Living at Spanish Fork Campus
New Haven’s South Campus is located in Spanish Fork, Utah, and has three large and fully staffed houses each of which is designed for a small group of sixteen girls. By creating several intimate campus houses instead of a large dorm setting, New Haven creates the feeling of home for our students. This nurturing, cozy environment also allows for improved safety and supervision, improved treatment outcomes, and the formation of deep and lasting friendships. Each of our campus houses is named after an historic figure whom we admire and strive to emulate.
Mother Teresa House
Mother Teresa – Servant
A Servant is one who puts aside all thought and concern for herself in order to focus on the needs of others. Mother Teresa left personal comfort and security behind to search out those whom the world had forgotten – those who have nothing. Mother Teresa’s life of service is a bright beacon of hope in a society darkened by selfishness – she is an inspiration to us all.
Eleanor Roosevelt House
Eleanor Roosevelt – Advocate
An Advocate is one who notices the suffering of those who cannot help themselves, then uses her power and her voice to create positive change. Eleanor Roosevelt transformed the office of the First Lady from a figurehead into a legitimate position of power. She focused her efforts primarily on women, children, minorities, and other members of society who needed someone to fight for them, someone to act as their voice. Eleanor Roosevelt’s advocacy for those less fortunate than herself has left a legacy of love and compassion to which we all should aspire.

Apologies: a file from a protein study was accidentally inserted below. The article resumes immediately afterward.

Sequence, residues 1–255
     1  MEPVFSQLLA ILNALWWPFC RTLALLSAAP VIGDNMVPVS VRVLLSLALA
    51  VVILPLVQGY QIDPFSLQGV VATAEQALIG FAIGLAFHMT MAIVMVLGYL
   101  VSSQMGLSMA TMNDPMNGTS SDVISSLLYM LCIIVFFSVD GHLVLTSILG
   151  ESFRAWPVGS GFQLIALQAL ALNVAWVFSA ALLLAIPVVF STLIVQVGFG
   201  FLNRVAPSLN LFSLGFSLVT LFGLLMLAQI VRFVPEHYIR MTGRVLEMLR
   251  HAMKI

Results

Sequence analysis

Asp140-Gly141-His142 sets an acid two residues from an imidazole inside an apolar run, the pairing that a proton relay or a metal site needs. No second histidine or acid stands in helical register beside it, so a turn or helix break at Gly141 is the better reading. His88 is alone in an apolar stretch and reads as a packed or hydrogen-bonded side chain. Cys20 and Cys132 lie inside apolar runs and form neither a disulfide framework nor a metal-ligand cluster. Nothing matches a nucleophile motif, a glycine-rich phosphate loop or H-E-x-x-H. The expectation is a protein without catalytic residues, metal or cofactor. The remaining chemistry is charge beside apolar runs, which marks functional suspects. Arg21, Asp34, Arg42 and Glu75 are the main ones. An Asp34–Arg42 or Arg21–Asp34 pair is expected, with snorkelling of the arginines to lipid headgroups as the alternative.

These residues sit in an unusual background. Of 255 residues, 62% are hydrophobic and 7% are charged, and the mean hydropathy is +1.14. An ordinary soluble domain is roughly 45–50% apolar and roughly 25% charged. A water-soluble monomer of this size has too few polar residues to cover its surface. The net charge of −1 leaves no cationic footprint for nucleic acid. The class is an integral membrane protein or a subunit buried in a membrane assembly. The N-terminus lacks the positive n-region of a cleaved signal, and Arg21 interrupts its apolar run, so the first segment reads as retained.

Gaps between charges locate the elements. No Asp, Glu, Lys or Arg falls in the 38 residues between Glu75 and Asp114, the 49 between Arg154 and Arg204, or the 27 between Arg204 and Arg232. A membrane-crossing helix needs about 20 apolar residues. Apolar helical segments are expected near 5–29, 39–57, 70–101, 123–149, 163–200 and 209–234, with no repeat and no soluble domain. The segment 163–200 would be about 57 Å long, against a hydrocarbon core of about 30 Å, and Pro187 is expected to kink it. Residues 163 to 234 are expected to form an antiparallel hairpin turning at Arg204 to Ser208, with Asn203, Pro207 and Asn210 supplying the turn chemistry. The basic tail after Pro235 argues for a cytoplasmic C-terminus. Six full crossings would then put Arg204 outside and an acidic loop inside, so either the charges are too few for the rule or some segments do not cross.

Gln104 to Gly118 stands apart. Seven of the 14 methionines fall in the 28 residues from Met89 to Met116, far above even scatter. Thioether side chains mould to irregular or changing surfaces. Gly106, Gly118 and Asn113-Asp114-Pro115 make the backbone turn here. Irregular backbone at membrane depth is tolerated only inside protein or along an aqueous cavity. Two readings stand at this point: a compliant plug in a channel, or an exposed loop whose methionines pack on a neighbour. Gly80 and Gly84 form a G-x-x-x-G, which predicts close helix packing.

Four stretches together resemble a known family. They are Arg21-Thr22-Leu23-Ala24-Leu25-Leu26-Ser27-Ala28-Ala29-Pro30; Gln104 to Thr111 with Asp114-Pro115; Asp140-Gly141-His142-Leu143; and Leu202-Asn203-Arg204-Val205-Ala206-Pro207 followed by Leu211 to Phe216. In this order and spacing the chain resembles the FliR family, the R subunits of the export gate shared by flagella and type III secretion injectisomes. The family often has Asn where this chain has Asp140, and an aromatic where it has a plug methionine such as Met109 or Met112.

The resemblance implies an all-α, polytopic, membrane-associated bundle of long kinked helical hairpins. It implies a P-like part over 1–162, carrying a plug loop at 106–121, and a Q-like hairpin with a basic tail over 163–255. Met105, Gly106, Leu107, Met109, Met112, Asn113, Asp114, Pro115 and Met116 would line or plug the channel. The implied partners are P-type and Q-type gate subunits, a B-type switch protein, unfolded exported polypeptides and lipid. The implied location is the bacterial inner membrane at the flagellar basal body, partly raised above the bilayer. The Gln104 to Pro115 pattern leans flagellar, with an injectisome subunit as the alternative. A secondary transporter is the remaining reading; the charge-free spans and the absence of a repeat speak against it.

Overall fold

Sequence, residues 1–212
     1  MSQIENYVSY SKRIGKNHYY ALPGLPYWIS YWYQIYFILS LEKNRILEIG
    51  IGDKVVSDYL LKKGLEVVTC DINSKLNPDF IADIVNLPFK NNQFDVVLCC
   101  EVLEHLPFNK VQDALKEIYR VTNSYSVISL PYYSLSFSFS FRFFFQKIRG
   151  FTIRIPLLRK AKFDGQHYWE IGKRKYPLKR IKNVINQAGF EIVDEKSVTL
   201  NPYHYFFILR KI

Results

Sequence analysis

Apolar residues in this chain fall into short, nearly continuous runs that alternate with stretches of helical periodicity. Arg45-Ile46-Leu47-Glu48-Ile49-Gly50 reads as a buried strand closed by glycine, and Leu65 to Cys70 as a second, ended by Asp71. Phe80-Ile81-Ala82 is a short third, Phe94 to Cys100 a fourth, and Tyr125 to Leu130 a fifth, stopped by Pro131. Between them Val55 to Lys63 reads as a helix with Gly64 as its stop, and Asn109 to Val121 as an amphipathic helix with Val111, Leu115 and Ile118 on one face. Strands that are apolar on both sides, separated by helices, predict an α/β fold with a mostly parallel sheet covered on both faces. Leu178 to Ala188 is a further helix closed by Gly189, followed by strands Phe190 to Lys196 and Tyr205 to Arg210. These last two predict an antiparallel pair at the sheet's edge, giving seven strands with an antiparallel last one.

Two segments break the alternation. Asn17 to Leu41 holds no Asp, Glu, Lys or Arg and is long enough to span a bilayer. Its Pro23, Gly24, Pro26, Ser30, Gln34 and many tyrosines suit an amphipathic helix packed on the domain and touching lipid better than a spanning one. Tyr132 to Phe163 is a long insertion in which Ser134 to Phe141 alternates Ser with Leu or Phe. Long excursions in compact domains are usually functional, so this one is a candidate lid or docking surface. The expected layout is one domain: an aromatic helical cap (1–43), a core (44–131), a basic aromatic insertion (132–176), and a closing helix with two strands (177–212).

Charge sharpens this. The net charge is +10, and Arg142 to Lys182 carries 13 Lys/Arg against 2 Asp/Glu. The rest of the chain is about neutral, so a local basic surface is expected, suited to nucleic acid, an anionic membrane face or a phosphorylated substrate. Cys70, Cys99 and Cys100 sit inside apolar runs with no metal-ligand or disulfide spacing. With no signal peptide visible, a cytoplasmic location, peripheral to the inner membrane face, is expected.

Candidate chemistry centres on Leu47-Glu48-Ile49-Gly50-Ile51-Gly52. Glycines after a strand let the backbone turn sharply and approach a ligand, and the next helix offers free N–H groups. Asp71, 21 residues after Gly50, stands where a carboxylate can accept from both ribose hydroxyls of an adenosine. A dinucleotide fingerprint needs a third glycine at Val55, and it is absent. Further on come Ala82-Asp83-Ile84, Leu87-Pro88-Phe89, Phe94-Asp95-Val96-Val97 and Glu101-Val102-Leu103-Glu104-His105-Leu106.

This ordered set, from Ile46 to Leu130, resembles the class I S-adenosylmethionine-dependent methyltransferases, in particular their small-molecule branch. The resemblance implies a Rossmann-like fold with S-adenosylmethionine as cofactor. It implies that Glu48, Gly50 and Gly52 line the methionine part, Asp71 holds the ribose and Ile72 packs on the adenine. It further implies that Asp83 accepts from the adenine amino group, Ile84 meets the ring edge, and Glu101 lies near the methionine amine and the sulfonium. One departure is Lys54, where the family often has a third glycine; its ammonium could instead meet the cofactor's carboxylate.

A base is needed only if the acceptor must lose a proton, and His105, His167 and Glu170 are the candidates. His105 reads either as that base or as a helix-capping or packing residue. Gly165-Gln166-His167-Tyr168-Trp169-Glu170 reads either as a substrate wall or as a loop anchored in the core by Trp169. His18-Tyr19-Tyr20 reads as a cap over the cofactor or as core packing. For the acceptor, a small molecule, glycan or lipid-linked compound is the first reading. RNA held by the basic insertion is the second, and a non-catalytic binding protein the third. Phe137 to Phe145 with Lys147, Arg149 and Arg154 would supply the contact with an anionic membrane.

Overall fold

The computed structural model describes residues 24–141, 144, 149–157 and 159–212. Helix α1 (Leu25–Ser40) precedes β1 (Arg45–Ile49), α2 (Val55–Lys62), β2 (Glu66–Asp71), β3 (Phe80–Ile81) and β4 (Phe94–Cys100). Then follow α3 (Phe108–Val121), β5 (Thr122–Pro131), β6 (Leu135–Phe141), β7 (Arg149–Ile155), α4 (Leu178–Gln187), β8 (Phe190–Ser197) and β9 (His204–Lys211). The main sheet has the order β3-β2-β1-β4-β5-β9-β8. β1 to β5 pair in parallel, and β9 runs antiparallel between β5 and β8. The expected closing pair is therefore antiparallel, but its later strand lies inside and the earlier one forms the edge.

Sacagawea – The Guide
A Guide is one who forges the way through unfamiliar and dangerous territory so that the others who follow may also enjoy success. Sacagawea navigated effectively through difficult terrain, seeking the smoothest, safest path for one of the most important explorations in the history of North America – the Lewis and Clark expedition. We honor her memory and attempt to emulate the qualities of competence and leadership that she embodied.
New Haven School
What began as a one-room schoolhouse in 1996 – literally – now contains several classrooms, an art room, library, and computer lab. Classes are run like a traditional school, yet are small enough to allow teachers to focus on the individual needs of each student.